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The Changing Landscape of Smoldering Multiple Myeloma: A European Perspective

Abstract : : Smoldering multiple myeloma (SMM) is an asymptomatic clonal plasma cell disorder and bridges monoclonal gammopathy of undetermined significance to multiple myeloma (MM), based on higher levels of circulating monoclonal immunoglobulin and bone marrow plasmocytosis without end-organ damage. Until a Spanish study reported fewer MM-related events and better overall survival among patients with high-risk SMM treated with lenalidomide and dexamethasone, prior studies had failed to show improved survival with earlier intervention, although a reduction in skeletal-related events (without any impact on disease progression) has been described with bisphosphonate use. Risk factors have now been defined, and a subset of ultra-high-risk patients have been reclassified by the International Myeloma Working Group as MM, and thus will require optimal MM treatment, based on biomarkers that identify patients with a \textgreater80% risk of progression. The number of these redefined patients is small (∼10%), but important to unravel, because their risk of progression to overt MM is substantial (≥80% within 2 years). Patients with a high-risk cytogenetic profile are not yet considered for early treatment, because groups are heterogeneous and risk factors other than cytogenetics are deemed to weight higher. Because patients with ultra-high-risk SMM are now considered as MM and may be treated as such, concerns exist that earlier therapy may increase the risk of selecting resistant clones and induce side effects and costs. Therefore, an even more accurate identification of patients who would benefit from interventions needs to be performed, and clinical judgment and careful discussion of pros and cons of treatment initiation need to be undertaken. For the majority of SMM patients, the standard of care remains observation until development of symptomatic MM occurs, encouraging participation in ongoing and upcoming SMM/early MM clinical trials, as well as consideration of bisphosphonate use in patients with early bone loss. IMPLICATIONS FOR PRACTICE: Smoldering multiple myeloma is an early stage of myeloma disease and is diagnosed before any symptoms occur. Recent research has redefined the diagnostic criteria for multiple myeloma, offering new insights into testing and classification of this malignancy. Risk factors have now been defined and three biomarkers have been validated that are able to identify patients presenting a high risk of progression toward a symptomatic disease. These biomarkers will help physicians to identify high-risk patients who may benefit from optimal treatment. This article summarizes the views of a European panel of hematologists on the implicated changes in patient care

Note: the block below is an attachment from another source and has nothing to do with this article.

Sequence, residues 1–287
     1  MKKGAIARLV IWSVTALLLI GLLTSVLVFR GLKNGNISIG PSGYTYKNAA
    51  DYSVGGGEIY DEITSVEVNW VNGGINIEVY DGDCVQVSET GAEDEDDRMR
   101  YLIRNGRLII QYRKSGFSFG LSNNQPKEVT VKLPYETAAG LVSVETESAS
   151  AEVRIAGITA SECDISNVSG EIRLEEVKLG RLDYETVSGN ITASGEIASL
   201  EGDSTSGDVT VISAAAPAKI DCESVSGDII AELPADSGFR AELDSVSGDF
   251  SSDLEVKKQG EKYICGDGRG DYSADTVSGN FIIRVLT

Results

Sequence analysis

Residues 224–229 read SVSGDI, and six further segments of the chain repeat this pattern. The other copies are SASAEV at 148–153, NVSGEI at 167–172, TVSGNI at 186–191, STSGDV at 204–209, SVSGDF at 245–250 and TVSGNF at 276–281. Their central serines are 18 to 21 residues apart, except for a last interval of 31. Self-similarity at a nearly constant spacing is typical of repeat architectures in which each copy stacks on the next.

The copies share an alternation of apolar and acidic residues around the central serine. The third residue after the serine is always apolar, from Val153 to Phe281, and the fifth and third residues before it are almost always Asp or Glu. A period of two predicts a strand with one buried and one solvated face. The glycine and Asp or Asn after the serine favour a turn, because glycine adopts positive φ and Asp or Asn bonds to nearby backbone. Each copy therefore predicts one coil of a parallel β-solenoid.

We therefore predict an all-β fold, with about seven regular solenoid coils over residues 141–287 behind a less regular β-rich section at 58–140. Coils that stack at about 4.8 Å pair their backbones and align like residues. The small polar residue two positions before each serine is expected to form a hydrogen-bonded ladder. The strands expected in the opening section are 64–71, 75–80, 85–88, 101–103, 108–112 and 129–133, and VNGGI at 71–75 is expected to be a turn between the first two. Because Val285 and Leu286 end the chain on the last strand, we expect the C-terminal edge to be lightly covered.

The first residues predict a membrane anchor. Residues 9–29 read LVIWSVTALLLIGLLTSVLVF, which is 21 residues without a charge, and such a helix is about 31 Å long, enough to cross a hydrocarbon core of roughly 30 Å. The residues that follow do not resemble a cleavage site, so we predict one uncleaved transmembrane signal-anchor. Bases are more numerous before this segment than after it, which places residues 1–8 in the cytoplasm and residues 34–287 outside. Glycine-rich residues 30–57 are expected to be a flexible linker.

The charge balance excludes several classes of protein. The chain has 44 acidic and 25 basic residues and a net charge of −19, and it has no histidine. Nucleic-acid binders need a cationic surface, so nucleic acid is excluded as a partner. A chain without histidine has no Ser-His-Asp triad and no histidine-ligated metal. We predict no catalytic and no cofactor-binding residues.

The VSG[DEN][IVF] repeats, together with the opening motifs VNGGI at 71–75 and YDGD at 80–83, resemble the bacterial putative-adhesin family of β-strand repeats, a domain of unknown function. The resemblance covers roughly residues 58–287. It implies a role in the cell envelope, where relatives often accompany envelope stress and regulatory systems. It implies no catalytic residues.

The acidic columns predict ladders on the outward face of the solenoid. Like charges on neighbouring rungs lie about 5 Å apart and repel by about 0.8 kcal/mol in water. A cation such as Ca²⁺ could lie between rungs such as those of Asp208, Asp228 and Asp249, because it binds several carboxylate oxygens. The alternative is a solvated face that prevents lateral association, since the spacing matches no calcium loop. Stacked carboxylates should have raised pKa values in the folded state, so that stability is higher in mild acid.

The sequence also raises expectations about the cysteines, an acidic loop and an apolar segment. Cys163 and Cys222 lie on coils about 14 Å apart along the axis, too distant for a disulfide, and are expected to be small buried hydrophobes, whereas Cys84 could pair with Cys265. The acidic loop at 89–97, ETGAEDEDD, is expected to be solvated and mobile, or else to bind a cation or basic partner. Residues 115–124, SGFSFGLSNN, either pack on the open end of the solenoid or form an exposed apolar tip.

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Submitted on : Thursday, March 3, 2016 - 3:40:39 PM
Last modification on : Thursday, March 31, 2022 - 3:40:50 AM

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Jo Caers, Carlos Fernández De Larrea, Xavier Leleu, Roy Heusschen, Niklas Zojer, et al.. The Changing Landscape of Smoldering Multiple Myeloma: A European Perspective. Oncologist, AlphaMed Press, 2016, 21 (3), pp.1-10. ⟨10.1634/theoncologist.2015-0303⟩. ⟨hal-01282339⟩



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